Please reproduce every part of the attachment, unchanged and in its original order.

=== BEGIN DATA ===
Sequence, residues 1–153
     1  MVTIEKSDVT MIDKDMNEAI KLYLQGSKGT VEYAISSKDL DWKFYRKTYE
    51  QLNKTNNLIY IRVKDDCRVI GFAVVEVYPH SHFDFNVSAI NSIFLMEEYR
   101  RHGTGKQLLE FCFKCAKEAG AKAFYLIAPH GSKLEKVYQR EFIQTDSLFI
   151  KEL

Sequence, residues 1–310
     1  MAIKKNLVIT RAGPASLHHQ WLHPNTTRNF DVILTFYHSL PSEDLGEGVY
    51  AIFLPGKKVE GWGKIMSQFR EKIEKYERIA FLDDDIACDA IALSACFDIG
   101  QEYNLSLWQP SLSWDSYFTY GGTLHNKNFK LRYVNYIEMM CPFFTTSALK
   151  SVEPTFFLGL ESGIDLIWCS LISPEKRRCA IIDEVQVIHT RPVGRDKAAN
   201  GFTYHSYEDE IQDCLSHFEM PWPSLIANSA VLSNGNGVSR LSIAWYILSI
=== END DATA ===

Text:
Sequence, residues 1–153
     1  MVTIEKSDVT MIDKDMNEAI KLYLQGSKGT VEYAISSKDL DWKFYRKTYE
    51  QLNKTNNLIY IRVKDDCRVI GFAVVEVYPH SHFDFNVSAI NSIFLMEEYR
   101  RHGTGKQLLE FCFKCAKEAG AKAFYLIAPH GSKLEKVYQR EFIQTDSLFI
   151  KEL

Sequence, residues 1–310
     1  MAIKKNLVIT RAGPASLHHQ WLHPNTTRNF DVILTFYHSL PSEDLGEGVY
    51  AIFLPGKKVE GWGKIMSQFR EKIEKYERIA FLDDDIACDA IALSACFDIG
   101  QEYNLSLWQP SLSWDSYFTY GGTLHNKNFK LRYVNYIEMM CPFFTTSALK
   151  SVEPTFFLGL ESGIDLIWCS LISPEKRRCA IIDEVQVIHT RPVGRDKAAN
   201  GFTYHSYEDE IQDCLSHFEM PWPSLIANSA VLSNGNGVSR LSIAWYILSI